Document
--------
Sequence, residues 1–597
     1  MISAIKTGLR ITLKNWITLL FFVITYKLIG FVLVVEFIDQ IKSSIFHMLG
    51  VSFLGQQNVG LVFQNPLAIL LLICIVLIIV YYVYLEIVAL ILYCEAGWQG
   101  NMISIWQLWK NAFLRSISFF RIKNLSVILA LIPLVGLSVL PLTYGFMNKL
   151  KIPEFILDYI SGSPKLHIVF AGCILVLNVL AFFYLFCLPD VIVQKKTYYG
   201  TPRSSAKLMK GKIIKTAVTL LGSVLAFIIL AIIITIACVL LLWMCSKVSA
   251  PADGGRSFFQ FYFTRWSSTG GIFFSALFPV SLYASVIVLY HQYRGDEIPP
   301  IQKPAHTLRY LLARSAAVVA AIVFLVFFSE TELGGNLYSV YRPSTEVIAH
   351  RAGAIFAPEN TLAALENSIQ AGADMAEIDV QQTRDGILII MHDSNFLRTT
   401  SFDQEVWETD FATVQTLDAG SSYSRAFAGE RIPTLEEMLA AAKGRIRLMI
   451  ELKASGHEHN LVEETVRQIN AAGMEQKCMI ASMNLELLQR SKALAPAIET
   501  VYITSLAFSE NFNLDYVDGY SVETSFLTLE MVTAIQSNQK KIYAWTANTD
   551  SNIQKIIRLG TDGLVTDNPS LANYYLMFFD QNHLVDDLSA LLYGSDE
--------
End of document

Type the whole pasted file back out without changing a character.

Sequence, residues 1–597
     1  MISAIKTGLR ITLKNWITLL FFVITYKLIG FVLVVEFIDQ IKSSIFHMLG
    51  VSFLGQQNVG LVFQNPLAIL LLICIVLIIV YYVYLEIVAL ILYCEAGWQG
   101  NMISIWQLWK NAFLRSISFF RIKNLSVILA LIPLVGLSVL PLTYGFMNKL
   151  KIPEFILDYI SGSPKLHIVF AGCILVLNVL AFFYLFCLPD VIVQKKTYYG
   201  TPRSSAKLMK GKIIKTAVTL LGSVLAFIIL AIIITIACVL LLWMCSKVSA
   251  PADGGRSFFQ FYFTRWSSTG GIFFSALFPV SLYASVIVLY HQYRGDEIPP
   301  IQKPAHTLRY LLARSAAVVA AIVFLVFFSE TELGGNLYSV YRPSTEVIAH
   351  RAGAIFAPEN TLAALENSIQ AGADMAEIDV QQTRDGILII MHDSNFLRTT
   401  SFDQEVWETD FATVQTLDAG SSYSRAFAGE RIPTLEEMLA AAKGRIRLMI
   451  ELKASGHEHN LVEETVRQIN AAGMEQKCMI ASMNLELLQR SKALAPAIET
   501  VYITSLAFSE NFNLDYVDGY SVETSFLTLE MVTAIQSNQK KIYAWTANTD
   551  SNIQKIIRLG TDGLVTDNPS LANYYLMFFD QNHLVDDLSA LLYGSDE